Emma is one of those moms who is always on the go. Because she has a lot to do, the thing that always seems to get cut short is time for herself. She works, buys groceries, cooks the food, and never seems to get a minute to sit down and rest. But during an incident at the Tesco grocery store in Norfolk, England back in 2016, Emma saw the opportunity to be a good person rather than let her pent-up rage at her busy life get the better of her.
Instead of getting frustrated when things did not go exactly the way she expected, she saw the opportunity at the moment and decided to be the bigger person.
It all started when Emma saw an empty line at the grocery store. She hurried her shopping cart over and started putting the items onto the black conveyor belt. When the items moved up to the front, the cashier picked them up and started scanning them. That’s when things started to happen, as Emma shared.
“The guy on the till said hello and started scanning my items as I was still putting them on the belt the other end. You can imagine the pile of stuff that was waiting for me when I went to go pack.”
Emma noticed that Rob, the man on the cash register, counted out her shopping bags repeatedly. He not only took a long time, but he also squashed a loaf of her bread and had to count her change multiple times. He simply was not efficient at his job. The busy mom had places to go and things to do. But instead of blowing up at Rob, she decided to see things from his perspective.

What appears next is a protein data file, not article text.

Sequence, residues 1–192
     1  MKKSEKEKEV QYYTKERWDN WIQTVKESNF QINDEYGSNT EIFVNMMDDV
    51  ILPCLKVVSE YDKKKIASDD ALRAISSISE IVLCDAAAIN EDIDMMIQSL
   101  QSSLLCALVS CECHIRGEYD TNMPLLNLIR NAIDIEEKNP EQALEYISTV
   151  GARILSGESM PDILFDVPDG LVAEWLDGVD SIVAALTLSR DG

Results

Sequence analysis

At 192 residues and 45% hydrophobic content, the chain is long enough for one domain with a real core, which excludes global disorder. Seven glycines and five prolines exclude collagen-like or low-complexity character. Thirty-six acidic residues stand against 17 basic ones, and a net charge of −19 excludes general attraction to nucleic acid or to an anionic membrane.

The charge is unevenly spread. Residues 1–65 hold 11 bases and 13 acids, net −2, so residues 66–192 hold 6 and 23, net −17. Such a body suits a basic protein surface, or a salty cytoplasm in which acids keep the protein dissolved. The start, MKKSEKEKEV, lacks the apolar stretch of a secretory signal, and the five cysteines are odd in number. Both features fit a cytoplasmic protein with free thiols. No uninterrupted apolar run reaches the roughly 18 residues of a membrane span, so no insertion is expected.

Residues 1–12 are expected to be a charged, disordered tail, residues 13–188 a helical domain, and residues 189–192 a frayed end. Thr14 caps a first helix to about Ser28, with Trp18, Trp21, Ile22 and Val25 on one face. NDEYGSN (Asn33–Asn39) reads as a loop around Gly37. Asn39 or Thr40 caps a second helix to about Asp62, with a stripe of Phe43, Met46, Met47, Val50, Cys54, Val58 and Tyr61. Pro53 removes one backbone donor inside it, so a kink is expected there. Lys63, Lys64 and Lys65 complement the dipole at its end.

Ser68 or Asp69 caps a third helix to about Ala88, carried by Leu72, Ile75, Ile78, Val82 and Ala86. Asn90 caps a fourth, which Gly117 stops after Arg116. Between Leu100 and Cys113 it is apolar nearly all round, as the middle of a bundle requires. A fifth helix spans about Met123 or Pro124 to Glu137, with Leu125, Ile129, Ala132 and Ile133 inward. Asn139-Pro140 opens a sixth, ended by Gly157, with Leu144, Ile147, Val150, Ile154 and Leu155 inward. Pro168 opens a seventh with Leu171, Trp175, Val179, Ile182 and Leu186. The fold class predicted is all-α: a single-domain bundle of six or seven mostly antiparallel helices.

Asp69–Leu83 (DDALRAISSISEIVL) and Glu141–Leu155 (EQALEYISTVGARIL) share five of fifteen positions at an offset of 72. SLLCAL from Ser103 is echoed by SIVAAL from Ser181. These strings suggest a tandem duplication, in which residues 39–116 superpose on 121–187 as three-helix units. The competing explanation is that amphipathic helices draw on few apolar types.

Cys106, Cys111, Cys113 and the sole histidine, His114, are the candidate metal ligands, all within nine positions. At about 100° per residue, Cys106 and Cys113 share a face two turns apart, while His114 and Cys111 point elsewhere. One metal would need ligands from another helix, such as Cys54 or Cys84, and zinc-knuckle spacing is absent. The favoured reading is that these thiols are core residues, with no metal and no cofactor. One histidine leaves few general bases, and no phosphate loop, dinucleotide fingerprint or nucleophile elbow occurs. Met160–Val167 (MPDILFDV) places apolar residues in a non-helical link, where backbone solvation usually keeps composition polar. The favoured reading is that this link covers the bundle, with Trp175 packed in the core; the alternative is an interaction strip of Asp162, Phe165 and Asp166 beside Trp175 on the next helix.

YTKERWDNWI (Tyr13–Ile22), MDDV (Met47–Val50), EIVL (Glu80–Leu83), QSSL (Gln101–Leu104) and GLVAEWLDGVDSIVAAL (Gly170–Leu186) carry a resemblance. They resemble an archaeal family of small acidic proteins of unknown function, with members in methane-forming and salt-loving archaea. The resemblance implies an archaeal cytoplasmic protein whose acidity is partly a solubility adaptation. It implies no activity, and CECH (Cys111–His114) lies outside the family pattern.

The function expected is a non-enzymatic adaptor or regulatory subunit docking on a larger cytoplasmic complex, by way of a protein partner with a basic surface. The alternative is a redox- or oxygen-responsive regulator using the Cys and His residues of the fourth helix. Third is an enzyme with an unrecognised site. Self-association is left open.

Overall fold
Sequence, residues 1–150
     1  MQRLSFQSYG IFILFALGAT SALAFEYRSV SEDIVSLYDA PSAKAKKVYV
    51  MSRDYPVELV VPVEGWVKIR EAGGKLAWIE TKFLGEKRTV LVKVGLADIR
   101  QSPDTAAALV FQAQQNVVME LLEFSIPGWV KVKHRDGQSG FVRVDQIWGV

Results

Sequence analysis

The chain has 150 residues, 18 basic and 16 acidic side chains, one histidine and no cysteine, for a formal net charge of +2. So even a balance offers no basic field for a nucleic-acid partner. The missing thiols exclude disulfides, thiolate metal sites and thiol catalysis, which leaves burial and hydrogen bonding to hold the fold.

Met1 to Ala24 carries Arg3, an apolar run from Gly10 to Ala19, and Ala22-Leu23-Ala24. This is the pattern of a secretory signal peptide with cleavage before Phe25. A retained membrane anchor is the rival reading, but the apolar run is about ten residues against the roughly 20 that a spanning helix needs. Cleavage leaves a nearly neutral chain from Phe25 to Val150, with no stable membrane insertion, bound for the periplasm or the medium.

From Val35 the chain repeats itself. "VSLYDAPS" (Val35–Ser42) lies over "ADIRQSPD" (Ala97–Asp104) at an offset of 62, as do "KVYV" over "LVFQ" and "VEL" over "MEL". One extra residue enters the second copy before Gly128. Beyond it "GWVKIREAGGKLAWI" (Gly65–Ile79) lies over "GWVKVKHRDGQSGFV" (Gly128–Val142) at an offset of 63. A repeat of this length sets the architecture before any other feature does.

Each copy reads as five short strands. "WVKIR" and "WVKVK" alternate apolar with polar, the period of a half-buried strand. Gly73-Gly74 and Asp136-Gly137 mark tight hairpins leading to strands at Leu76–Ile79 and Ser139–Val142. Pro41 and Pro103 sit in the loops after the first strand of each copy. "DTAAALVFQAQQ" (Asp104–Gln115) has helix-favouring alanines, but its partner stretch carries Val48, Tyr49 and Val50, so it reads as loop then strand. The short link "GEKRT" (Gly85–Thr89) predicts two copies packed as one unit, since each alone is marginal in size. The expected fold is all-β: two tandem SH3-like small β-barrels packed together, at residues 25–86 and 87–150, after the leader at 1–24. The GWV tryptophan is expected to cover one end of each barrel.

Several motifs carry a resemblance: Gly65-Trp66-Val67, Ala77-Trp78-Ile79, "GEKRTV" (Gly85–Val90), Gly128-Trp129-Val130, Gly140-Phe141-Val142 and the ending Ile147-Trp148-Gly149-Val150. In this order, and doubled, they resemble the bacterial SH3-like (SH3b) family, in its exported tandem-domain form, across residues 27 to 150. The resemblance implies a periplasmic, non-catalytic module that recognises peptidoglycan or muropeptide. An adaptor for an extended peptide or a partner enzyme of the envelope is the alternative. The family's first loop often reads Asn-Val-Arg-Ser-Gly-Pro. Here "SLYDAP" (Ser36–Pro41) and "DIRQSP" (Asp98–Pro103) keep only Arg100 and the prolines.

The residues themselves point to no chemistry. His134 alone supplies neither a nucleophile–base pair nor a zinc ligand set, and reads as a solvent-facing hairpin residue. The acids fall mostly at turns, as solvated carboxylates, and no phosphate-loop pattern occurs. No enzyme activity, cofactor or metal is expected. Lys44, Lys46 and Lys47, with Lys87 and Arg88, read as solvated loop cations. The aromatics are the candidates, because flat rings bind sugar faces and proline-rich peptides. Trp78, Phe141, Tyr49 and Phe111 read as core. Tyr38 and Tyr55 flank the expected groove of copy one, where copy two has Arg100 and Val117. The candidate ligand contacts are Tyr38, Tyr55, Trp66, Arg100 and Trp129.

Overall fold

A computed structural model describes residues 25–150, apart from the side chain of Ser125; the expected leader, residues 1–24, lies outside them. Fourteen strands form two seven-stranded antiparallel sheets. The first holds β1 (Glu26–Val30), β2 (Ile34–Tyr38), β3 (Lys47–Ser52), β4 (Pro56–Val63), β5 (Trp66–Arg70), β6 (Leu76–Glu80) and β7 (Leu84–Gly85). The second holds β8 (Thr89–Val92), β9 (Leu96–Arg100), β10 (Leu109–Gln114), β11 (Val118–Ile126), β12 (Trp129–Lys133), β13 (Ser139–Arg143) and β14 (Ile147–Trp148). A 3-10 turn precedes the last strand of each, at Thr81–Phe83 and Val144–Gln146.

Emma could also see, based on Rob’s behavior and her experience, that Rob had autism. With that knowledge in mind, she allowed Rob to take his time, knowing full well that he was doing the best he could do. She didn’t try to rush him. She didn’t try to frown at him. She tried to be understanding, although he squished her bread.
When she got home, she rushed to her computer and shared the now-viral Facebook post about her experience at the Tesco.
“When I asked him for five bags, he counted each one. Then recounted them a further two times. Before handing them over to me. The guy didn’t really talk to me. He squashed my bread when he scanned it, but I waited patiently whilst he took his time, especially when trying to scan the awkward items.”
She counted the money exactly, which the cashier had to recount multiple times.
He told her about how Tesco had given him a chance to work while many other employers have not.
“This guy is Autistic. As a mother of a 12-year-old Autistic boy, this makes my heart smile. Changing attitudes teamed with employers, like you, who really do offer equal opportunities, are changing people’s lives. So, thank you, Tesco. It was a pleasure shopping with you today.”
What do you think about Emma’s experience at the grocery store?
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